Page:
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Will address eco-losses in Green Budget: Bommai

“The forest department in the State should start assessing the total green loss every year so that budgetary allocation can be made.

Published: 12th September 2021 05:57 AM  |   Last Updated: 12th September 2021 11:59 AM   |  A+A-

Chief Minister Basavaraj Bommai pays tributes to martyrs at Aranya Bhavan on National Forest Martyrs’ Day, in Bengaluru on Saturday | Shriram B N

Chief Minister Basavaraj Bommai pays tributes to martyrs at Aranya Bhavan on National Forest Martyrs’ Day, in Bengaluru on Saturday | Shriram B N

By Express News Service

BENGALURU: At a time when the State, country and world are suffering from unprecedented floods, heat waves, coastal erosion and unseasonal rains, Chief Minister Basavaraj Bommai seemed willing to take a step towards mitigating the disastrous effects of these ecological disturbances, triggered by “ill-conceived projects and policies”. Bommai on Saturday announced that he will come up with a green budget and make provisions to make up for ecological losses every year.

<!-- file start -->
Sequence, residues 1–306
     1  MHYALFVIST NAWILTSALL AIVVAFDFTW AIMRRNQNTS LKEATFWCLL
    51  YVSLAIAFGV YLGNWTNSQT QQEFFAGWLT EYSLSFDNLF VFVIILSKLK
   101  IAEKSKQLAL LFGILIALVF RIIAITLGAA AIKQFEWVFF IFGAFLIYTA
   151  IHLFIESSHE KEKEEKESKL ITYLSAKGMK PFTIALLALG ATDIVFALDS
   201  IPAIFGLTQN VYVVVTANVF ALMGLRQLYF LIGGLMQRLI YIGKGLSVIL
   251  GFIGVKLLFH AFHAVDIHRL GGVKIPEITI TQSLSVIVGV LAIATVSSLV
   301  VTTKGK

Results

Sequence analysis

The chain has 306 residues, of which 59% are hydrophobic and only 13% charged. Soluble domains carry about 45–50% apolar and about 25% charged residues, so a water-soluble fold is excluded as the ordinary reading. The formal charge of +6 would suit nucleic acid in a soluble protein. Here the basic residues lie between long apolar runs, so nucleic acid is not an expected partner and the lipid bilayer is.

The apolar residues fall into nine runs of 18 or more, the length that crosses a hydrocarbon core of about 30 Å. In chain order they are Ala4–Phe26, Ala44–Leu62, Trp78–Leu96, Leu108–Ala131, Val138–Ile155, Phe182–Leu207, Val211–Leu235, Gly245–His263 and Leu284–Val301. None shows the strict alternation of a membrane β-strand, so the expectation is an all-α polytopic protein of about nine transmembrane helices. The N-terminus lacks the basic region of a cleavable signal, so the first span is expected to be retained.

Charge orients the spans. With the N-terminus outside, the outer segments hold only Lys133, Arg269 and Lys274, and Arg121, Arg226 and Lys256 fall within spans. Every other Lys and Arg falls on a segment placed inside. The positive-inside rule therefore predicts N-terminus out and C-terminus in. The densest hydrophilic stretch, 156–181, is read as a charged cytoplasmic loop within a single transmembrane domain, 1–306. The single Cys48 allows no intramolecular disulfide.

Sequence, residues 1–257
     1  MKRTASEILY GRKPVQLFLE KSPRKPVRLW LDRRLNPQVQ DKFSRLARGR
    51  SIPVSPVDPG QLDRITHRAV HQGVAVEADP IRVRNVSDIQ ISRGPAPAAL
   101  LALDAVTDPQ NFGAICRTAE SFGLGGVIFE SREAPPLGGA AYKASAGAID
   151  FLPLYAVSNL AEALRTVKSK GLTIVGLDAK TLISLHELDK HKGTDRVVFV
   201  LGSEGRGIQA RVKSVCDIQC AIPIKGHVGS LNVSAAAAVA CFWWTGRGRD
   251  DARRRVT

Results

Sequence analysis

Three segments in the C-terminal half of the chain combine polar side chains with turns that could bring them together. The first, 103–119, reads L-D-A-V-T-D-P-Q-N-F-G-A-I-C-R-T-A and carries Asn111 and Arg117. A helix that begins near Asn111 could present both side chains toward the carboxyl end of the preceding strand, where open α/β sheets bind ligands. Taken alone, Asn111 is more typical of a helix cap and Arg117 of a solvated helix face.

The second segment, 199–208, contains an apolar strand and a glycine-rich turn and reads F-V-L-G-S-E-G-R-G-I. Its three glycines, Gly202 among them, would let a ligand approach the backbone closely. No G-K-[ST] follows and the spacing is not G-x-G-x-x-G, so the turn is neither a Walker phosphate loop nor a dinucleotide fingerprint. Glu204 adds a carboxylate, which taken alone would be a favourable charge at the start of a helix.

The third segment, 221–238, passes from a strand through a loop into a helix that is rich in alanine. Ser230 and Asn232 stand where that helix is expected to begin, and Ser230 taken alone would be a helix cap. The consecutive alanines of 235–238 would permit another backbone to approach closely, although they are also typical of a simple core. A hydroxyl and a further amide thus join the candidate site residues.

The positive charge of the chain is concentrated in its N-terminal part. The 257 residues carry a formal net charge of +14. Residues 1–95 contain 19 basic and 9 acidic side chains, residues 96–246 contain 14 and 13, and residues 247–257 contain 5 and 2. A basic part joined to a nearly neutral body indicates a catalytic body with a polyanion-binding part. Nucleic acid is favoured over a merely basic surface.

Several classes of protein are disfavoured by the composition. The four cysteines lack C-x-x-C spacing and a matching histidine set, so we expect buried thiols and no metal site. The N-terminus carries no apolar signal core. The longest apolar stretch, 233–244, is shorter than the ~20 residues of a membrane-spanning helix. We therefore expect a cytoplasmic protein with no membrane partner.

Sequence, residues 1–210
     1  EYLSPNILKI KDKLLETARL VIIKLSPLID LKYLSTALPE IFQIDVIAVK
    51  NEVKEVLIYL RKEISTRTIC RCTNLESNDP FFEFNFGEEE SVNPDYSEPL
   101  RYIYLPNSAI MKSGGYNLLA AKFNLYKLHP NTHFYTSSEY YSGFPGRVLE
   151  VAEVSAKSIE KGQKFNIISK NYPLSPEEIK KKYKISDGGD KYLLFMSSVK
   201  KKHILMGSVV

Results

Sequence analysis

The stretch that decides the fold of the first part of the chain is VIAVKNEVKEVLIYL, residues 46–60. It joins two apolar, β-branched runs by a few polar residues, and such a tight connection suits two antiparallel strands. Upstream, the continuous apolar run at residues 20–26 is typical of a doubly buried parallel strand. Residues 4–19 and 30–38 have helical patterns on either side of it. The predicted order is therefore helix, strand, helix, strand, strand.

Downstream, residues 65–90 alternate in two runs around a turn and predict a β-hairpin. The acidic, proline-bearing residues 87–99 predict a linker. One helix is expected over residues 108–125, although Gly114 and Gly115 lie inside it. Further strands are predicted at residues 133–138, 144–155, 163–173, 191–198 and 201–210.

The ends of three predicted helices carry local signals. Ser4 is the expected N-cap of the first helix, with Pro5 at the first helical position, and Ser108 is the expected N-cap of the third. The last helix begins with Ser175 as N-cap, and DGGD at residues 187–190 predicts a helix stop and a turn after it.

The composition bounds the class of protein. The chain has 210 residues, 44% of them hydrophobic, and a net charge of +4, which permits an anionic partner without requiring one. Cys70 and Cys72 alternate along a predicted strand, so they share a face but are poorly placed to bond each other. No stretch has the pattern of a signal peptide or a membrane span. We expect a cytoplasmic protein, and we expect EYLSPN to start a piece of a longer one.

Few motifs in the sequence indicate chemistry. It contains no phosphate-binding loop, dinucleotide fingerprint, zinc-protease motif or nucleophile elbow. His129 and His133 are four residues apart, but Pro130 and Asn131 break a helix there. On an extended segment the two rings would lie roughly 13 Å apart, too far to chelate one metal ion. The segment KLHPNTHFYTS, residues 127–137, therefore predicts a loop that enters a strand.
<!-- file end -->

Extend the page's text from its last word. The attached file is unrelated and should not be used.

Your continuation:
“The forest department in the State should start assessing the total green loss every year so that budgetary allocation can be made. This is the first time that such a provision will be made. It’s frightening to know that ecological degradation of the last two decades is equivalent to what occurred over the last 2,000 years,” he said during the National Forest Martyrs’ Day event at Aranya Bhavan on Saturday.

“We hope this will help recover 50-60 per cent of the loss and ensure a sustainable life for the next generation. The green cover in the State stands at 43 lakh hectares (21.5 per cent), which is lower than the national average of 33 per cent. It should be increased,” he added.

“Afforestation means not just planting saplings but involves a holistic approach to safeguard natural resources. If we don’t take measures to stop ecological degradation, it amounts to stealing from the future,” he remarked. 

CM calls for strategy to tackle man-animal conflict

The Centre for Ecological Sciences at the Indian Institute of Science has been demanding governments to assess ecological losses and make a budget. Bommai said officers should also work out a strategy to check human-animal conflicts and consider even civilians who lost their lives as martyrs and read out their names along with those of forest officials during the next martyrs’ day.

He recalled the sacrifice of IFS officer P Srinivas, who was shot dead by forest brigand Veerappan in 1991 at the prime of his career at the age of 37. “These sacrifices mean a lot in saving our natural resources,” he said. He thanked his predecessor BS Yediyurappa for increasing the compensation up to Rs 30 lakh to the kin of forest officials who died while on duty. Later, he had a meeting with officials and discussed various issues, especially man-elephant conflicts in Kodagu and Sakleshpur regions.



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